Squirrels are a wild animal urban kids may know as well as rural ones. Get ready for Squirrel Appreciation Day on January 21st with some literacy lesson plans.
Read some books:
- The Busy Little Squirrel by Nancy Tafuri
- Squirrel’s New Year’s Resolution
- Nuts to You! by Lois Ehlert
- Gray Squirrel at Pacific Avenue – a Smithsonian’s Backyard Book
Online resources with background info:
- National Geographic has photos, maps, and background info.
- BBC Nature has lots of photos and information
- Scientific American reports on “Project Squirrel” in a very accessible article.
- Learn to say squirrel in hundreds of languages. This is a fairly frivolous exercise, but as a linguistics student, I learned that “squirrel” is an odd word in many languages. As far as I know, there is no official explanation for this fact, so you might as well enjoy it and get a little global awareness out of it.
- Practice S and Q with a worksheet.
- Jan Brett’s Rodent Worksheet includes squirrels.
Let students explore these books and websites and collect information about squirrels. Then have each student write a sentence (or, for older students, a paragraph or essay) about his or her favorite squirrely discovery. Older students can write about how their new knowledge meshes with their prior experience of squirrels.
Step it up with classic squirrel literature.
Henry David Thoreau described the squirrels near his home in New England:
Usually the red squirrel (Sciurus Hudsonius) waked me in the dawn, coursing over the roof and up and down the sides of the house, as if sent out of the woods for this purpose. In the course of the winter I threw out half a bushel of ears of sweet corn, which had not got ripe, on to the snow-crust by my door, and was amused by watching the motions of the various animals which were baited by it. In the twilight and the night the rabbits came regularly and made a hearty meal. All day long the red squirrels came and went, and afforded me much entertainment by their manoeuvres. One would approach at first warily through the shrub oaks, running over the snow-crust by fits and starts like a leaf blown by the wind, now a few paces this way, with wonderful speed and waste of energy, making inconceivable haste with his “trotters,” as if it were for a wager, and now as many paces that way, but never getting on more than half a rod at a time; and then suddenly pausing with a ludicrous expression and a gratuitous somerset, as if all the eyes in the universe were fixed on him, — for all the motions of a squirrel, even in the most solitary recesses of the forest, imply spectators as much as those of a dancing girl, — wasting more time in delay and circumspection than would have sufficed to walk the whole distance, — I never saw one walk, — and then suddenly, before you could say Jack Robinson, he would be in the top of a young pitch pine, winding up his clock and chiding all imaginary spectators, soliloquizing and talking to all the universe at the same time, — for no reason that I could ever detect, or he himself was aware of, I suspect. At length he would reach the corn, and selecting a suitable ear, frisk about in the same uncertain trigonometrical way to the topmost stick of my wood-pile, before my window, where he looked me in the face, and there sit for hours, supplying himself with a new ear from time to time, nibbling at first voraciously and throwing the half-naked cobs about; till at length he grew more dainty still and played with his food, tasting only the inside of the kernel, and the ear, which was held balanced over the stick by one paw, slipped from his careless grasp and fell to the ground, when he would look over at it with a ludicrous expression of uncertainty, as if suspecting that it had life, with a mind not made up whether to get it again, or a new one, or be off; now thinking of corn, then listening to hear what was in the wind. So the little impudent fellow would waste many an ear in a forenoon; till at last, seizing some longer and plumper one, considerably bigger than himself, and skilfully balancing it, he would set out with it to the woods, like a tiger with a buffalo, by the same zig-zag course and frequent pauses, scratching along with it as if it were too heavy for him and falling all the while, making its fall a diagonal between a perpendicular and horizontal, being determined to put it through at any rate; — a singularly frivolous and whimsical fellow; — and so he would get off with it to where he lived, perhaps carry it to the top of a pine tree forty or fifty rods distant, and I would afterwards find the cobs strewn about the woods in various directions.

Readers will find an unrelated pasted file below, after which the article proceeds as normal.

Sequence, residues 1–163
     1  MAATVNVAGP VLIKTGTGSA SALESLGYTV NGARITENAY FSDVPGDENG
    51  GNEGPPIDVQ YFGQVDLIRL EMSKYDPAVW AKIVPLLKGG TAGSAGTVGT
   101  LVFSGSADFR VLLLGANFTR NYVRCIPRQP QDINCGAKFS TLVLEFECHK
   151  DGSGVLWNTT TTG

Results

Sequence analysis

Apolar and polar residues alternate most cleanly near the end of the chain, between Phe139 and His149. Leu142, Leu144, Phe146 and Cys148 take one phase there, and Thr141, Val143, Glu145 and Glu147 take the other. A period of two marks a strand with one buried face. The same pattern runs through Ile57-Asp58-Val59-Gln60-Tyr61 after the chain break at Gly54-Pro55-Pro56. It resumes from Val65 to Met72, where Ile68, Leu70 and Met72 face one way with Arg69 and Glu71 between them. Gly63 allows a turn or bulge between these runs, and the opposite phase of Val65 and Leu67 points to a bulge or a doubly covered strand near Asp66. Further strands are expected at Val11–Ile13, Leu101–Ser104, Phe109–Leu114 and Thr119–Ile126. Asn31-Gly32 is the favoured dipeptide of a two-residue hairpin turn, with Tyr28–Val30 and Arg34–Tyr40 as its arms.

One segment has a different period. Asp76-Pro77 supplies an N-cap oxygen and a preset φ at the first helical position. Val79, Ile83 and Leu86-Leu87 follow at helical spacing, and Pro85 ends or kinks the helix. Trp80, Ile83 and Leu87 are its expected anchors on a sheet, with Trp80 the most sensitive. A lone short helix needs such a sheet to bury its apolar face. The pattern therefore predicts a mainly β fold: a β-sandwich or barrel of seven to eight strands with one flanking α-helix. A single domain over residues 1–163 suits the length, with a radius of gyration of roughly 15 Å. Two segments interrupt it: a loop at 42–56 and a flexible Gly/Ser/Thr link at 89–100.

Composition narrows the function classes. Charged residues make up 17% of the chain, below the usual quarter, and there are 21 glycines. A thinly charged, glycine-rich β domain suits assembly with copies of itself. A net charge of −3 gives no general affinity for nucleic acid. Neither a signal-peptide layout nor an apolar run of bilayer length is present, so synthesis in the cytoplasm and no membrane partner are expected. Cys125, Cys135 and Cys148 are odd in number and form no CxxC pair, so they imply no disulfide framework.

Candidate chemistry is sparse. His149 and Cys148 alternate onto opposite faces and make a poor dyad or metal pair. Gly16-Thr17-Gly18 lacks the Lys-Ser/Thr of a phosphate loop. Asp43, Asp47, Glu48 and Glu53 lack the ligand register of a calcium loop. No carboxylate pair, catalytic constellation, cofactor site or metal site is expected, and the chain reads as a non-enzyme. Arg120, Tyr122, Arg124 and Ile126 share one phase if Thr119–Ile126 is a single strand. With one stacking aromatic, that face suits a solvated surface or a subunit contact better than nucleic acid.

This makes a good passage for practice with deciphering difficult language, since it describes something familiar to many students. Divide students into groups and give each group a sentence to figure out and rewrite in their own words. There are only half a dozen sentences, and the first few are fairly short.
Finish with a writing assignment. Squirrels are fairly common school mascots (that’s the Hendrix College Flying Squirrels below). Now that they’ve learned about squirrels, how do students feel about squirrels as a team mascot? How do squirrels compare with other mascot animals like tigers and lions?